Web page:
(Daily Montanan) When the Montana Legislature eliminated Election Day voting in 2021, most assumed it would stop folks from registering and voting on the same day. But that’s not necessarily the case.

In court on Thursday, that and several other finer points of three recently passed laws were discussed with a central theme — the confusion caused by the bills. Those three laws are being challenged as violating the Montana Constitution and are on trial in Yellowstone Count District Court. Thursday marked the fourth in an anticipated 10-day trial in front of Judge Michael Moses.

Missoula County Election Administrator Bradley Seaman explained that while lawmakers believed they had passed House Bill 176 to push back same-day or Election Day Registration, a close reading revealed that it may not have done that. Instead, new voters or voters moving from out-of-county cannot register, but voters moving within the county can still register and cast ballots.

People who want to change their names on voter registrations can also complete that task and still vote, Seaman testified.

Seaman also explained how the picture-identification process that was changed by Senate Bill 169, and the process of checking for identities, went from a simple four-point flow chart to one with more than a dozen, filling an entire page. Seaman told the court that Missoula County trains nearly 700 staff members to work during an election and that the changes have increased confusion.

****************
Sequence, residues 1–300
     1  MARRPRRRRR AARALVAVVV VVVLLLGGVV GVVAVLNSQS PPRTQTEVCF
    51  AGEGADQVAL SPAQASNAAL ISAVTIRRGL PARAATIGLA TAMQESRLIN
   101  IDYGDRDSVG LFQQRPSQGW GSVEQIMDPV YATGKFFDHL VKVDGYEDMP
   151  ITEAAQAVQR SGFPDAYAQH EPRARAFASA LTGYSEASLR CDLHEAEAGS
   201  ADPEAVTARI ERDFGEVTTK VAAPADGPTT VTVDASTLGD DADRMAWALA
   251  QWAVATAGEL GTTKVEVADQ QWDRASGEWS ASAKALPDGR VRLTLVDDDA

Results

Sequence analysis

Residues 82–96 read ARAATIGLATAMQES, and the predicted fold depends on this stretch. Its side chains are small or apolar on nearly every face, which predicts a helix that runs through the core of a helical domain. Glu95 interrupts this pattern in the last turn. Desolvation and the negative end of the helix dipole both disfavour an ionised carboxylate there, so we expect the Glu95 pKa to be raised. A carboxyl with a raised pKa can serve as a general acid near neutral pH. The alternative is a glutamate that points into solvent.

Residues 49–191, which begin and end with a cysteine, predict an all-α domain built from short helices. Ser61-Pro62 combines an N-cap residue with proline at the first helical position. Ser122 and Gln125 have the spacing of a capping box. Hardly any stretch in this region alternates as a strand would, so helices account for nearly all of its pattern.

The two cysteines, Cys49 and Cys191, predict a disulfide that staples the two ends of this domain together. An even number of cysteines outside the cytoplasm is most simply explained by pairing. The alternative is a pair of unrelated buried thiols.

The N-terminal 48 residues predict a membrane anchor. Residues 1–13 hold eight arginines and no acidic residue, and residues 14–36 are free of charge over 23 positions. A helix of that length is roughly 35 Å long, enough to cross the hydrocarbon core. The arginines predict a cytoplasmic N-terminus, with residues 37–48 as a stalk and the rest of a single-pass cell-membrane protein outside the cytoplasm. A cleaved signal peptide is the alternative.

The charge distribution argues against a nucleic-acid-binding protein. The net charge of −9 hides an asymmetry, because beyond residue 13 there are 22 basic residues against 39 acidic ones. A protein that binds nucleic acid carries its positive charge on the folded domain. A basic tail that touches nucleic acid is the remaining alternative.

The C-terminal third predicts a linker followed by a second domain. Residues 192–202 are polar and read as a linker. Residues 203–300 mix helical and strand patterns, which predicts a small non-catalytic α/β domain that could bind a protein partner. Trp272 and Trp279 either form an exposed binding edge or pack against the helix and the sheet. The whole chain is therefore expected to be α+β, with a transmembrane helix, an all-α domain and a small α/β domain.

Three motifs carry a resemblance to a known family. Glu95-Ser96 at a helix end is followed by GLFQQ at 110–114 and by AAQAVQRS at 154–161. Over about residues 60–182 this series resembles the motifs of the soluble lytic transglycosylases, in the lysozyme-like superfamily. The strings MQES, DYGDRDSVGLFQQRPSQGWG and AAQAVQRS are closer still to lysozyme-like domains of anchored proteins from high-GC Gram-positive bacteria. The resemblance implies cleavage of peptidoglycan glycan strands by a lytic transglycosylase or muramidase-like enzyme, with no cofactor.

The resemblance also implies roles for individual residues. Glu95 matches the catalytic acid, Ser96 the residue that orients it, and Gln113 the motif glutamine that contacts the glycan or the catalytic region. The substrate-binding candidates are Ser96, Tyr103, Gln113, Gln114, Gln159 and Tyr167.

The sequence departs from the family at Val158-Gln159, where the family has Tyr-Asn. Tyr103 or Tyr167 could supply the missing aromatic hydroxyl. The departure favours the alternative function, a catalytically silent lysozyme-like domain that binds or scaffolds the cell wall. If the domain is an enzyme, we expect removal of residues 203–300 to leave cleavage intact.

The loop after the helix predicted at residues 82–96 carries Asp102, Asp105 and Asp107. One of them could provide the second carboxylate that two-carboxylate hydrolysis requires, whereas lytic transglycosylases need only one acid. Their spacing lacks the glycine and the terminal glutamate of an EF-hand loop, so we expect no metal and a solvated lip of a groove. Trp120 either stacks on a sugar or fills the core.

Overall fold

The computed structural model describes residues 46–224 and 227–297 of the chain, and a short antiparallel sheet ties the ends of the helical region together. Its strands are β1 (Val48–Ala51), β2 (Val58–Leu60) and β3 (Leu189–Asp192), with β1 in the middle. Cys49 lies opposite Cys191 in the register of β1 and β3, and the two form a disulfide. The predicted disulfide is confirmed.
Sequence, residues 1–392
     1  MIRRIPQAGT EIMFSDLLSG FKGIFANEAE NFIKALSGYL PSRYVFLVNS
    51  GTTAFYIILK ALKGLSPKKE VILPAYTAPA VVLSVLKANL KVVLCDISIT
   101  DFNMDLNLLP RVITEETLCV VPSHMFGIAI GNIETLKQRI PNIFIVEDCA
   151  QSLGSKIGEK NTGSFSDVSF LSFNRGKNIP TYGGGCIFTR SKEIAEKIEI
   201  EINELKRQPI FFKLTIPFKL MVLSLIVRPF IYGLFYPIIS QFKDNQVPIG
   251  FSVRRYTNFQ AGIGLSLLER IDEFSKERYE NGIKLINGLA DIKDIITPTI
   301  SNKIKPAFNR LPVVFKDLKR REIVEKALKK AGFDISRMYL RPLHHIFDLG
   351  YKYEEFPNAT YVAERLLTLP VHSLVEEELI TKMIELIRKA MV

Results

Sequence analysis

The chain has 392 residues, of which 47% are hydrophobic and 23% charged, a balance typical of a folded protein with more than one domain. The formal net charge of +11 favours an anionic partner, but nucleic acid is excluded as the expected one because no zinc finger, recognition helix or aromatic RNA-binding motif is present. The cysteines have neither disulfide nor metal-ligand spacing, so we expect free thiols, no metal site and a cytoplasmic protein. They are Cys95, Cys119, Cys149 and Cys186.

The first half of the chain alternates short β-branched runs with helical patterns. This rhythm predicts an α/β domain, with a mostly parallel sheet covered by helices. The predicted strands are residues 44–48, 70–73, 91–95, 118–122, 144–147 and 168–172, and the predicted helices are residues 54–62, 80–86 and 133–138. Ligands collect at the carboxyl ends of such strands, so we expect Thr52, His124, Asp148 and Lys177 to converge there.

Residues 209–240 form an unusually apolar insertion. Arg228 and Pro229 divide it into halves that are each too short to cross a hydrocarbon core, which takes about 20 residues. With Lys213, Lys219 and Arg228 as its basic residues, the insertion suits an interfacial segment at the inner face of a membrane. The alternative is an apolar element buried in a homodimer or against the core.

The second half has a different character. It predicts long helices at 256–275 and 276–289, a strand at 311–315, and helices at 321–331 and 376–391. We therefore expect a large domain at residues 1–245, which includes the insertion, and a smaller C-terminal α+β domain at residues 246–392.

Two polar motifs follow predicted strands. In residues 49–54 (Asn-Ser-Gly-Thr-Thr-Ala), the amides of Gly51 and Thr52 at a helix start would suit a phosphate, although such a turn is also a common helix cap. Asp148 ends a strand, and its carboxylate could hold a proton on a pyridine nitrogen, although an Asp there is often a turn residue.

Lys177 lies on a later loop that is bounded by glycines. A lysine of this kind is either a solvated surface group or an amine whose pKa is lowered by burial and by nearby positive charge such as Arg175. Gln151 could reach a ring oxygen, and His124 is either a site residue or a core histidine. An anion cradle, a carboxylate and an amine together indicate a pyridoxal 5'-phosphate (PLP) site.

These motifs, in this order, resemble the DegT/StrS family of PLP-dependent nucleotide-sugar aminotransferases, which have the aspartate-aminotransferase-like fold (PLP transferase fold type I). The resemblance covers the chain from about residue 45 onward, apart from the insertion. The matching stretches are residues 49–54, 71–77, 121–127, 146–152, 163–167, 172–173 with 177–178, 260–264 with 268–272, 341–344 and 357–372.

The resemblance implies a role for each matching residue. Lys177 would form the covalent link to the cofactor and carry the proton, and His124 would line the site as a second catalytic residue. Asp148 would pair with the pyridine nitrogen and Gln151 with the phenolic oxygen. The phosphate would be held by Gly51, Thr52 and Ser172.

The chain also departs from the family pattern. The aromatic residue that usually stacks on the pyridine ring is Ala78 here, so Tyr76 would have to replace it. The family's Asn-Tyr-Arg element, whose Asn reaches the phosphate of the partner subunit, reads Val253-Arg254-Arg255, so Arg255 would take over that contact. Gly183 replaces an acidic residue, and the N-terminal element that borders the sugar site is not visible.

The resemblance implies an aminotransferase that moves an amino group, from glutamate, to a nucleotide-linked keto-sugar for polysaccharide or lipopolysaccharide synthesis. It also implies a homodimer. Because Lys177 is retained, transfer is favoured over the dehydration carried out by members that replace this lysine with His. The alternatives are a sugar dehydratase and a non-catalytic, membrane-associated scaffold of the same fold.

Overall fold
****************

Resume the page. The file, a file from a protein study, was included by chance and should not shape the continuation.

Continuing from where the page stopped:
That led to a conversation about what forms of identification are permissible. Some identification is fine, so long as it doesn’t have an expiration date. Some forms are OK even if they’re expired, while others are not. As an example, Costco Wholesale Club memberships are permitted as photo identification. College identifications are permitted, but not without a secondary form of identification.

And Ronnie Jo Horse, the executive director of Western Native Voice, an organization dedicated to helping Native Americans living on one of Montana’s reservations get out to vote and register, said that because of a third law, House Bill 530, which prohibits ballot collection, her group cannot perform some outreach because the law’s language is vague and not defined in law.

Elections vs. election officials

A portion of Thursday’s court hearing was drilling down into the details of voting, election training and ballot safety. Seaman testified that Montana’s election officials were split nearly evenly whether to support changing same-day registration, with most of the larger counties, like Missoula, opposing it because of the high number of people who rely on it to vote.

Some lawmakers said HB176 was necessary because it would help alleviate pressure on smaller elections offices in rural areas. And in a poll conducted by the state elections administration association, many rural counties supported the effort to push back the date.

However, Seaman told the court that a busy Election Day, including registering and verifying voters, was just part of the job.

“It’s our job. We’re there to serve voters, and we’re trying to help,” Seaman said.